I was disappointed because I expected there would be tips for adjusting into the poses right or modifying them a bit for different body types if certain adjustments couldn’t be achieved, as a student as well as as a teacher, but there was only teacher hands-on adjustment tips.

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The Secret Lives of Hoarders by Matt Paxton

The Secret Lives of Hoarders: True Stories of Tackling Extreme ClutterThe Secret Lives of Hoarders: True Stories of Tackling Extreme Clutter by Matt Paxton
My rating: 2 of 5 stars

If I’d been living in the US I might have given it 3 stars. The book itself is interesting, however it is probably of more use to someone living in the US and dealing with hoarders than someone living abroad in the same situation, as many of the options it gave you (on the part of what you could do with the hoarder’s items, for instance) were US-based.
Otherwise not bad, but not awesome either.

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Does This Clutter Make my Butt Look Big? by Peter Walsh

Does This Clutter Make My Butt Look Big?: The 6 Step Total Life Approach to Permanently Clearing Out the Clutter that Redefines How You Live, What You Eat, and How You LookDoes This Clutter Make My Butt Look Big?: The 6 Step Total Life Approach to Permanently Clearing Out the Clutter that Redefines How You Live, What You Eat, and How You Look by Peter Walsh
My rating: 4 of 5 stars

I musn’t have been paying attention, because I totally didn’t -really- expect this book to be about weight loss when I started it. Buuut I was quite happy with it. Yes, it’s simple, basic, doesn’t say anything new that someone who’s been digging into organization and/or weight loss and/or fitness/life improvement doesn’t know, but it gathers all those simple tips in one place and reminds you of them.
Pretty nice, and pretty logical.

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100 Things Every Writer Needs to Know by Scott Edelstein

100 Things Every Writer Needs to Know100 Things Every Writer Needs to Know by Scott Edelstein
My rating: 3 of 5 stars

Good, but very basic and slightly outdated.
Spans through a variety of topics, from how to start, to how to actually write, to publishing and how to make money off your writing.

It had some interesting points of reference (like the section on terminology, or #44 and #82), but still brought nothing new to the table. Recommended for someone just getting into writing and who doesn’t know much about the subject at all, but if you are already pretty familiar with writing, I’d give it a pass.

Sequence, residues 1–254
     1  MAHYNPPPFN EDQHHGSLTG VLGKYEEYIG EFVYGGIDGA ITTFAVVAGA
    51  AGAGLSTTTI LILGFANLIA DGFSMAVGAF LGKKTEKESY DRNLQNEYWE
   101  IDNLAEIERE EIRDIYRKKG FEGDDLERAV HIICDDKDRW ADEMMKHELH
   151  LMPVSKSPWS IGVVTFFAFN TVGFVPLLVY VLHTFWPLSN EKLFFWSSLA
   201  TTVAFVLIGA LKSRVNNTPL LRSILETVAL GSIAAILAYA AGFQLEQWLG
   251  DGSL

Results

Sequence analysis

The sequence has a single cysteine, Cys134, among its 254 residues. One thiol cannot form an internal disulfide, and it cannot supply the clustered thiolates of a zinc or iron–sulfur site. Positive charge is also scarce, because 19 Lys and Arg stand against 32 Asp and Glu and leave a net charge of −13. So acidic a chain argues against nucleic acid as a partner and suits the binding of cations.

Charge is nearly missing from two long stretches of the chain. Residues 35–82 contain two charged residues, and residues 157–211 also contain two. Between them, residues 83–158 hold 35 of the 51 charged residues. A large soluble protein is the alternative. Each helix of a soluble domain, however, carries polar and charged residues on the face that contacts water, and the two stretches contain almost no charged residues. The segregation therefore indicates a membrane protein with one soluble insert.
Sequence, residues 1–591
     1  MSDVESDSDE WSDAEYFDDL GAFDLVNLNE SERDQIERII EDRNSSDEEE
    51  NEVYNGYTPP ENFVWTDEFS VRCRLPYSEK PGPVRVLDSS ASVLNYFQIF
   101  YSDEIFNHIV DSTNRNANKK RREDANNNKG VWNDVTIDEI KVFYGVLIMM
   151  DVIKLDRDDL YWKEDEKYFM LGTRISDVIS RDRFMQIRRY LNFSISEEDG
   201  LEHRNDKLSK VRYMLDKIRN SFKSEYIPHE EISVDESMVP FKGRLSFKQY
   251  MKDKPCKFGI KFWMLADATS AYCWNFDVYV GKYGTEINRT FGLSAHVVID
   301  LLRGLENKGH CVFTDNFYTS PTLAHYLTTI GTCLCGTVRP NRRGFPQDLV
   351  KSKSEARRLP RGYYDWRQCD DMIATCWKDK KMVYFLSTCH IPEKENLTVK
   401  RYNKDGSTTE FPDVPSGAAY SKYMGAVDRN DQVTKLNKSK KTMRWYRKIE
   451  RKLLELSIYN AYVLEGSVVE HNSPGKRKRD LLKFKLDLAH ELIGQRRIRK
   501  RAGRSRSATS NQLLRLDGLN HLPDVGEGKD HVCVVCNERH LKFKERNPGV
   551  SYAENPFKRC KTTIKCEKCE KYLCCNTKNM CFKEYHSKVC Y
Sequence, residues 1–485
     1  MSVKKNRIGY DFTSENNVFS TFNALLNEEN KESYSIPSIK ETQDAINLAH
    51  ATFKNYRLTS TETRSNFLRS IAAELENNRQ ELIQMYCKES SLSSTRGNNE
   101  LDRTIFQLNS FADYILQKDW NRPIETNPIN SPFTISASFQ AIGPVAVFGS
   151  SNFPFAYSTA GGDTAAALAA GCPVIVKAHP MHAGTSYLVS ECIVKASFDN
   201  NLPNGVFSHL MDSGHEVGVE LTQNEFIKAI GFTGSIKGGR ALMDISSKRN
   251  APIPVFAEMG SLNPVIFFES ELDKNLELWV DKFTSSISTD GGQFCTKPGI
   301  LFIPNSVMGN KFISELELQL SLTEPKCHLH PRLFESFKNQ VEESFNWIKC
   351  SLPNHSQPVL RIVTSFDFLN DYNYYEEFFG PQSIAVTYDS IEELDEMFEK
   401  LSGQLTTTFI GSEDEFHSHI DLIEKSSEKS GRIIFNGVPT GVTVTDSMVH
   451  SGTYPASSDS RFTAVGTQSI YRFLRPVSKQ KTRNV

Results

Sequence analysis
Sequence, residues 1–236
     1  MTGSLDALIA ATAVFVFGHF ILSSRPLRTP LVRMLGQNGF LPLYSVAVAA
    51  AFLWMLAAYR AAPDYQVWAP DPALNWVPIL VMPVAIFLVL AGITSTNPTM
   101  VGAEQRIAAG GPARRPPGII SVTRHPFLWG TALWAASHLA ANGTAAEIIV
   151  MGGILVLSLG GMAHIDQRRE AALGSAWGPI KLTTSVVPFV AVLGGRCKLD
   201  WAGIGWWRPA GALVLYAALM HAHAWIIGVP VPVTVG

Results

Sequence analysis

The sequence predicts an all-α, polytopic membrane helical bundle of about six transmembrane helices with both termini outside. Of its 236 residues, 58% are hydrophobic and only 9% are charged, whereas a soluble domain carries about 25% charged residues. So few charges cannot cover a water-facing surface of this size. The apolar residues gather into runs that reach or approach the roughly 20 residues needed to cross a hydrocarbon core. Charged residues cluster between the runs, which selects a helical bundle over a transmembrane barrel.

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Minimalism by Bekka Thomas

Minimalism: How to Become a Minimalist (Illustrated With Bad Drawings)Minimalism: How to Become a Minimalist by Bekka Thomas
My rating: 2 of 5 stars

It was an alright book. I appreciate that the author told a bit of her story and how it led her to minimalism, which was interesting, but it felt a bit TMI/Why-do-I-want-to-know-this at times and dragged on. Not that I don’t sympathize, but just… it was not what I thought I’d get when I grabbed the book.

It had some basic tips/ideas/reasoning for getting rid of things and getting into minimalism, but it wasn’t really something I would have titled “How to become a minimalist”; more like “How I became a minimalist”, which is an entirely different category.
The first title makes you go into reading it expecting less life story and more help with the how-to, the latter tells you there’s more story besides the possible tips and, for me at least, needed a different mind-frame for reading. The book was in the latter category, and I felt just a little mislead/cheated by the title.

Still, if you’re overwhelmed by stuff and new to minimalism, it’s not a bad read.

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Stuffocation by James Wallman

StuffocationStuffocation by James Wallman
My rating: 1 of 5 stars

I think this reviewer said it much better, but here it goes anyway:
For a book dealing with clutter and minimalism (and other similar subjects), it sure was cluttered! The idea was good, some of the information you could extract was interesting, but to get to it you had to wade through a mix of extremely boring anecdotes/quasi-stories, and loads of fact dump (it kept going from one to the other indiscriminately). Eventually I just grew bored and gave up reading it. I just don’t have the patience for it.